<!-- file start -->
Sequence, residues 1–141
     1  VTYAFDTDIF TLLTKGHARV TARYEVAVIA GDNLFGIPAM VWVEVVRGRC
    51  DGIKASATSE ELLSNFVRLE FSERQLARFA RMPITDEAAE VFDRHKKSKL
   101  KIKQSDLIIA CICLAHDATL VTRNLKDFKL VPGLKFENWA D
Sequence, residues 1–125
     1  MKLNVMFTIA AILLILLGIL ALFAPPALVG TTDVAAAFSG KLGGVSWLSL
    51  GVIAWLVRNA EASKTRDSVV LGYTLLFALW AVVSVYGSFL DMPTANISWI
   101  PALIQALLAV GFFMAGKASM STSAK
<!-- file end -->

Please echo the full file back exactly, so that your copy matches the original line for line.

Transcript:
Sequence, residues 1–141
     1  VTYAFDTDIF TLLTKGHARV TARYEVAVIA GDNLFGIPAM VWVEVVRGRC
    51  DGIKASATSE ELLSNFVRLE FSERQLARFA RMPITDEAAE VFDRHKKSKL
   101  KIKQSDLIIA CICLAHDATL VTRNLKDFKL VPGLKFENWA D
Sequence, residues 1–125
     1  MKLNVMFTIA AILLILLGIL ALFAPPALVG TTDVAAAFSG KLGGVSWLSL
    51  GVIAWLVRNA EASKTRDSVV LGYTLLFALW AVVSVYGSFL DMPTANISWI
   101  PALIQALLAV GFFMAGKASM STSAK